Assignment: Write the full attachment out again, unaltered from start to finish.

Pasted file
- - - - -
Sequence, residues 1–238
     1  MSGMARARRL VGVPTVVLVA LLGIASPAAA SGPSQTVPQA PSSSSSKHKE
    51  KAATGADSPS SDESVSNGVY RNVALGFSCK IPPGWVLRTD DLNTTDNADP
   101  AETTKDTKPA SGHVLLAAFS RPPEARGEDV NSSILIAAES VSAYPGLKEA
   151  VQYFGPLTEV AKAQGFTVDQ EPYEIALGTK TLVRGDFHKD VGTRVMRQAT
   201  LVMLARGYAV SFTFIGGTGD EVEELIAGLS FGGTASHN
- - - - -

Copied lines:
Sequence, residues 1–238
     1  MSGMARARRL VGVPTVVLVA LLGIASPAAA SGPSQTVPQA PSSSSSKHKE
    51  KAATGADSPS SDESVSNGVY RNVALGFSCK IPPGWVLRTD DLNTTDNADP
   101  AETTKDTKPA SGHVLLAAFS RPPEARGEDV NSSILIAAES VSAYPGLKEA
   151  VQYFGPLTEV AKAQGFTVDQ EPYEIALGTK TLVRGDFHKD VGTRVMRQAT
   201  LVMLARGYAV SFTFIGGTGD EVEELIAGLS FGGTASHN